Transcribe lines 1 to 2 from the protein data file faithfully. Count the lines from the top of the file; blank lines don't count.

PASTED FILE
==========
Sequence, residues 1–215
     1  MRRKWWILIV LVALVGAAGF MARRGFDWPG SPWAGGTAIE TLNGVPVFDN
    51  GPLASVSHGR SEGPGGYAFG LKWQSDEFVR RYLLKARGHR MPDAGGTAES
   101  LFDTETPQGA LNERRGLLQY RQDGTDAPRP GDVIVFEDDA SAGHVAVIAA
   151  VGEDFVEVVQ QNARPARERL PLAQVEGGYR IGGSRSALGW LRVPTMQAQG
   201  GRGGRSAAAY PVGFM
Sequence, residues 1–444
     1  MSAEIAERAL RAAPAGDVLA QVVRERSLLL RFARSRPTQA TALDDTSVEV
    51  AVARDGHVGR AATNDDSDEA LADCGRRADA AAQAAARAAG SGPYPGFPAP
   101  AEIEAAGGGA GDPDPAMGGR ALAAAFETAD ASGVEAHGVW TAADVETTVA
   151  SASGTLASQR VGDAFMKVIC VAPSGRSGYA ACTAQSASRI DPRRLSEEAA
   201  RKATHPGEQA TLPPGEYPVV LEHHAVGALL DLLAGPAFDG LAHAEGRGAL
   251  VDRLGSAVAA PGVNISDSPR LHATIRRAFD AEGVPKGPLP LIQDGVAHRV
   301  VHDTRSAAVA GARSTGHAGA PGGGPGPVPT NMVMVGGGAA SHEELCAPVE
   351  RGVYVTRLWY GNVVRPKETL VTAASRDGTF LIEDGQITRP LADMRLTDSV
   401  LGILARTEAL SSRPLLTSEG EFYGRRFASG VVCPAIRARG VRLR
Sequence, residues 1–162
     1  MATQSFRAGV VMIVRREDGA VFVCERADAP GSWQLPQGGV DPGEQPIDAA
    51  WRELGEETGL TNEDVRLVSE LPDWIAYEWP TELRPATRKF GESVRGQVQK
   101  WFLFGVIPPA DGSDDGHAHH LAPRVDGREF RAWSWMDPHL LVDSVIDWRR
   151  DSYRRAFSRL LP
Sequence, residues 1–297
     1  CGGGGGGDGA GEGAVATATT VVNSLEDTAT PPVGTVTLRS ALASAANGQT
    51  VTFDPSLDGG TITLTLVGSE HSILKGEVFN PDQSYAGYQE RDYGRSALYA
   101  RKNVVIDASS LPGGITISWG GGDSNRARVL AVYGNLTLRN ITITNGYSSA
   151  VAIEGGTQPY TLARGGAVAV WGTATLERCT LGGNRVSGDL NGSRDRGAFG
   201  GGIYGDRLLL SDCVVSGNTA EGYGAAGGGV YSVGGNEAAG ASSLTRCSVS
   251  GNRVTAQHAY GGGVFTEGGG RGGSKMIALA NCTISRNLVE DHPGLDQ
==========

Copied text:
Sequence, residues 1–215
     1  MRRKWWILIV LVALVGAAGF MARRGFDWPG SPWAGGTAIE TLNGVPVFDN